New Locky RansomwareWhile Petya and WannaCry grabbed all the headlines recently, they were largely unsuccessful in that they made almost no money from ransoms – not so with Locky. The Locky ransomware was much more successful in this area, in what has been estimated as a $1 billion USD revenue for ransomware in 2016.

Around the 1st of September 2017 approximately 23 million messages were sent out with a new strain of Locky and so far, it has infected tens of thousands of computers.

What to look out for

An email message with a non-specific subject line such as “please print”, “documents” or “scans”. Clicking on a .zip file (previously a Word document full of fake encrypted text was used) unpacks the payload, a script file that downloads the Trojan and begins the cryptolocking.

Quick facts

According to a threat intelligence report, the email-based ransomware attacks started on 9th of August and were detected through 62,000 phishing emails in 133 countries in just three days. It also revealed that 11,625 IP addresses were used to carry out the attacks, with the IP range owners consisting mostly of internet service providers and telecom companies.

How it works

The malicious email contains an attachment named “E 2017-08-09 (580).vbs” and just one line of text. Like the original Locky authors, attackers responsible for the new variant deploy social engineering tactics to scam recipients into opening the attached .doc, zip, pdf, .jpg or tiff file, which installs the ransomware into their systems.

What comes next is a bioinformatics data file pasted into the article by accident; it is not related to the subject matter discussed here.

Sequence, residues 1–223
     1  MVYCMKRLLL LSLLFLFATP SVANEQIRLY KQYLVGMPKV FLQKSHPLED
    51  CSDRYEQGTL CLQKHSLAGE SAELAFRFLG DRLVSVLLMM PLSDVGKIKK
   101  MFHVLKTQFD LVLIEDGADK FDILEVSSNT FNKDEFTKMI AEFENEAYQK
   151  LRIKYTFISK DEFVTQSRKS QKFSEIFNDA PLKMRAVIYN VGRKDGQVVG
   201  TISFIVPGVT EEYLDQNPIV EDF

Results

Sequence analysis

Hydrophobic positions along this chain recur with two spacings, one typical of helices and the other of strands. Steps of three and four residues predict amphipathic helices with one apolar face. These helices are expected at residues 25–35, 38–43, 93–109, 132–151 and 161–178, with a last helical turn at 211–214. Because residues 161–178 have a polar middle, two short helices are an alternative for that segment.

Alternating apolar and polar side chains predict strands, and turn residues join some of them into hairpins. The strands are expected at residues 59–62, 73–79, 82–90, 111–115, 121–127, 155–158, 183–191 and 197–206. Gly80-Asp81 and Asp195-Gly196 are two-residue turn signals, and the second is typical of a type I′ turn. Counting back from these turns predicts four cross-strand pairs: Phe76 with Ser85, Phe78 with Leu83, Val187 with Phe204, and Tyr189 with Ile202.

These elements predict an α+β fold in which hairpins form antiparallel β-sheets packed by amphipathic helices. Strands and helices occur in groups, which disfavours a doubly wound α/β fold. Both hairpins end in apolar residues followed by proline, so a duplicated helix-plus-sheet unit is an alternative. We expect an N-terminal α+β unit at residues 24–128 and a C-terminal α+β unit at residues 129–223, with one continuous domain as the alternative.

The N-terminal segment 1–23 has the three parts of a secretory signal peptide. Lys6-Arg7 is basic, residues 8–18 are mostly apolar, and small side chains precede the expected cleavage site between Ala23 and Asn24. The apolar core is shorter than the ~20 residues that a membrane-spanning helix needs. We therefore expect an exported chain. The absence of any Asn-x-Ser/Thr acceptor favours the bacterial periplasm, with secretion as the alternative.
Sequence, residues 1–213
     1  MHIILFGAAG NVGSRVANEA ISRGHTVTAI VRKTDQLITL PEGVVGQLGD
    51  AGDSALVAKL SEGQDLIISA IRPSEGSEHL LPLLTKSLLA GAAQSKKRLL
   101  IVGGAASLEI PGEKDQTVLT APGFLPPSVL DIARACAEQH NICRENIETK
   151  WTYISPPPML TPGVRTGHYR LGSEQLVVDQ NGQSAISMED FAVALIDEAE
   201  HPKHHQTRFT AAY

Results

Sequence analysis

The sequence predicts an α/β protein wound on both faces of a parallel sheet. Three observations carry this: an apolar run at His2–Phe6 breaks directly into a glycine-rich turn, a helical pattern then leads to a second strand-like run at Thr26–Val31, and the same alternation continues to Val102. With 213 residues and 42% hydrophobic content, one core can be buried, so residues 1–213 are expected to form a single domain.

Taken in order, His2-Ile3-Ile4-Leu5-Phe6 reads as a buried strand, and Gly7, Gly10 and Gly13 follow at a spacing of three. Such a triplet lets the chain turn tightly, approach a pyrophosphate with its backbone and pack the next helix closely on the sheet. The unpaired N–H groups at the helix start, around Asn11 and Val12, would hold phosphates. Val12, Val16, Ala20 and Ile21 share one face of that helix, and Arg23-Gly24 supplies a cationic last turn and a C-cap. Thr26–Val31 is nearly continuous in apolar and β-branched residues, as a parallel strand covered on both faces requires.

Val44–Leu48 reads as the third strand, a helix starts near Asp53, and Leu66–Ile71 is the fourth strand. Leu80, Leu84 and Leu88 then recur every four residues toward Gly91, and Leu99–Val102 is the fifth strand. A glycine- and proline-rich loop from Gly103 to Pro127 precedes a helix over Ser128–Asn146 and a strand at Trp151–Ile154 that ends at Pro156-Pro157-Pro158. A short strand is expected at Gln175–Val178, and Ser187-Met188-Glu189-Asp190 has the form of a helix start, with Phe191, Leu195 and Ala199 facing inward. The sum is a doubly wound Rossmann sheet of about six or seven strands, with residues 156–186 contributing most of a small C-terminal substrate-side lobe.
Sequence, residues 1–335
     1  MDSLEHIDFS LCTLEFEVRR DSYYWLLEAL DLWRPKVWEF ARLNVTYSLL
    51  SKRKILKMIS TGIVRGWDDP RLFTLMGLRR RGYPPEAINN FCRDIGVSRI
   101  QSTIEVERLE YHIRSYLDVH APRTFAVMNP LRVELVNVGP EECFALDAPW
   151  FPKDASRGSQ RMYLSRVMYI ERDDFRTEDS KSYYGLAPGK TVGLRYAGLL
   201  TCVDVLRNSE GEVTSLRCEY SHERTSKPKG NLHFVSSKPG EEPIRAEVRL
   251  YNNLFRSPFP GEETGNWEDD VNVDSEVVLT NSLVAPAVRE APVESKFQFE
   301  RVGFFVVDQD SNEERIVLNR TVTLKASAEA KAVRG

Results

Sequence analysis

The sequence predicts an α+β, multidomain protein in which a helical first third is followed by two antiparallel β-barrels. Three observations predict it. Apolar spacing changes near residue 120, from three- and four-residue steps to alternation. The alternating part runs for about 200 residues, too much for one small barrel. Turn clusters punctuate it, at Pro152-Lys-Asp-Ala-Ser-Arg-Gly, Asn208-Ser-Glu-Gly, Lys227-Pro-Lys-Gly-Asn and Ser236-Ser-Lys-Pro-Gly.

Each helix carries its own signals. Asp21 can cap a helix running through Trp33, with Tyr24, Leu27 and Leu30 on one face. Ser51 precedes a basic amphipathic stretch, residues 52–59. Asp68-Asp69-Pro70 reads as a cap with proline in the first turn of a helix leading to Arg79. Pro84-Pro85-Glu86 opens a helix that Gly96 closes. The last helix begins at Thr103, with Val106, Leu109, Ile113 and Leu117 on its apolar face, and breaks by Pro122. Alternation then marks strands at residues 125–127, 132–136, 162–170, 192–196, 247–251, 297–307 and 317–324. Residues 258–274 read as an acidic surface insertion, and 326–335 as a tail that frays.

When an unsuspecting user downloads the file, the macros run a file that provides the encryption Trojan with an entry point into the system. The Trojan then encrypts the infected computer’s files.

Once encryption is completed, the user receives instructions to download the Tor browser so they can access the “dark web” for details on how to pay the ransom. To retrieve their encrypted files, users will be asked to pay from 0.5-1 Bitcoin.

What you need to do

This ransomware variant builds on the strengths of previous Trojans. In fact, the original Locky strain made it easy for cyber criminals to develop a formidable ransomware that could evade existing cyber security solutions. This is why adopting a “deny all” security stance, whereby all files are considered unsafe until proven otherwise, is the best way to avoid infection.

Here are other tips to avoid infection:

  • Don’t open unsolicited attachments in suspicious emails. Alert your IT provider, and most importantly disallow macros in Microsoft Office unless they’ve been verified by your IT provider.
  • Performing regular backups guarantees you never have to pay cyber criminals a ransom. If all other security measures fail, you can always rely on your backups, which protect your business not just from cyber-crime related disasters, but also from natural and other unforeseen system failures.
  • Train your staff to identify online scams like phishing. This and other similar ransomware strains take advantage of users’ lack of cyber security training.
  • Update your operating systems as soon as updates become available to reduce, or eliminate, the chances of your system’s vulnerabilities being exploited.

Even with a trained staff and the latest protections installed, your IT infrastructure may still have unidentified security holes.

How can Diamond help?

We recommend having staff view our examples of “real life” phishing scams and watch our Ransomware webinar series on how to help prepare your organisation against threats and stay protected. Or contact us today to discuss your security concerns – call now on 1300 307 907 or via our online contact form below.

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Published with permission from TechAdvisory.org. Source.